Recognizing that photonics and quantum technologies are needed to further computational power and energy-efficient communication, the Eindhoven University of Technology (TU/e; Eindhoven, Netherlands) has established a new institute to create a unique and optimal environment to enable these fields to grow synergetically. The new institute, named the Eindhoven Hendrik Casimir Institute (EHCI), was officially launched on September 6, 2021, by Robbert Dijkgraaf during the opening of the academic year.
The EHCI is named after Dutch physicist Hendrik Casimir (1909 – 2000), who is most famous for his work on superconductivity and quantum physics, most notably the Casimir effect—the phenomenon where two plates placed very close to each other subtly attract each other due to quantum fluctuations. This is analogous to how the two research fields underpinning the institute will be working close together.
The new institute will smartly ‘entangle’ two major technology fields: the superfast light-driven communication technology of photonics and the powerful calculation capabilities of quantum technology. These technology fields hold great promise in overcoming the limits that current computation and communication technologies are slowly but surely reaching—for example, in terms of miniaturization and energy costs.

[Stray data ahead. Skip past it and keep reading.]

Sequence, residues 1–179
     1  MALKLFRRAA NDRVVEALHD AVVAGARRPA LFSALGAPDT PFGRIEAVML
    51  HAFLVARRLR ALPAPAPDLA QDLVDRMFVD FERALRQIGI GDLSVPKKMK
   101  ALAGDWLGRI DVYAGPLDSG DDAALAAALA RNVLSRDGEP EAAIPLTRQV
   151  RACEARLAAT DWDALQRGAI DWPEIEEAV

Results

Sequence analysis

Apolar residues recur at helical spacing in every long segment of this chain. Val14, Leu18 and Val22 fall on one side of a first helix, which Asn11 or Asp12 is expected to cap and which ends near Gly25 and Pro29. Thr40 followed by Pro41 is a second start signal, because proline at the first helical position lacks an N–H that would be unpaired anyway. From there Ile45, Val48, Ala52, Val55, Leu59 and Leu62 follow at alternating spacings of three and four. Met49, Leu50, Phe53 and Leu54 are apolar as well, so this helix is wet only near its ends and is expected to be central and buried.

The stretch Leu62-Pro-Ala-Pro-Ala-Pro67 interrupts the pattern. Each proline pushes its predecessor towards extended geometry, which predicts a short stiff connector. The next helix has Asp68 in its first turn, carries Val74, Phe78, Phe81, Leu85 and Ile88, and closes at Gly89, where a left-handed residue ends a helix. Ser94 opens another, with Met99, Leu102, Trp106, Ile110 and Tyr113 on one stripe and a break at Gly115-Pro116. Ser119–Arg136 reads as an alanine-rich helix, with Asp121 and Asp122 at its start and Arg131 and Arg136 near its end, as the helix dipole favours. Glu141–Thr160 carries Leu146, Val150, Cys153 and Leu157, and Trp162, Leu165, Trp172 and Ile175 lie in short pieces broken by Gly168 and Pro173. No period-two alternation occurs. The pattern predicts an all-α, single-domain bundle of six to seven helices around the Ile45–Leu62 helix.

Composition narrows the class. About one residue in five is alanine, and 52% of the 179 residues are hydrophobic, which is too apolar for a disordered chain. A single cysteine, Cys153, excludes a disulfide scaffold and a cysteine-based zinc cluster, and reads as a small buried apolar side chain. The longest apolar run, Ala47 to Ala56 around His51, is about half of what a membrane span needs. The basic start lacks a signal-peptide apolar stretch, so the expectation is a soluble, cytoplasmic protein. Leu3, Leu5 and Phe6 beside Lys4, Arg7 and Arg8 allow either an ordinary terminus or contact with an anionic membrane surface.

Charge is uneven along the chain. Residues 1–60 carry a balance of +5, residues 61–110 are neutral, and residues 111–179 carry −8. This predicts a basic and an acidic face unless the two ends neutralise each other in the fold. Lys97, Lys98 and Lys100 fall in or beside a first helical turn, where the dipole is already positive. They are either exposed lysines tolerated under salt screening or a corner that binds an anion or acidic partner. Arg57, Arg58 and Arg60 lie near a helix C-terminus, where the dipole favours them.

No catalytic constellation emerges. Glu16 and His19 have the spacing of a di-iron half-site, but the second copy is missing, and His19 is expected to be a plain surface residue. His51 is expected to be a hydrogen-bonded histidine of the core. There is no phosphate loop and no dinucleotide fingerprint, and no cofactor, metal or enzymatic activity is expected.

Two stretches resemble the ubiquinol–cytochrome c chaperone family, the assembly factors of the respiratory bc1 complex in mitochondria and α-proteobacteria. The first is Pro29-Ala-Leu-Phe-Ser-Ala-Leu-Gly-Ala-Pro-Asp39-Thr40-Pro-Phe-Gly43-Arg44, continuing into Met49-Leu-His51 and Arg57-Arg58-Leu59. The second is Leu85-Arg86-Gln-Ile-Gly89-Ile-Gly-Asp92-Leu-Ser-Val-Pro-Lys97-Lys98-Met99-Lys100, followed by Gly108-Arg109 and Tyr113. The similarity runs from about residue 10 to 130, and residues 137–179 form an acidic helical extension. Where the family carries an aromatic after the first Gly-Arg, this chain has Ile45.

Both technologies are world-class in Eindhoven, illustrated by recent multimillion funds from the PhotonDelta and Groeifonds projects. The work at EHCI will be done at various hierarchical levels, from groundbreaking science in materials, via novel devices and innovative circuits, to disruptive systems that will shape our future world. This approach, already applied at TU/e to bring integrated photonics technology from the lab to real-world applications, will also be used for quantum technology and other emerging information technologies.
“In 10 years’ time, the institute will make significant contributions to new computing paradigms like quantum and neuromorphic computing, to novel technologies to make communication far more energy-efficient and secure and to compact biosensors for detecting diseases, and metrology sensors with atomic-scale resolution,” says Martijn Heck, scientific director of the EHCI.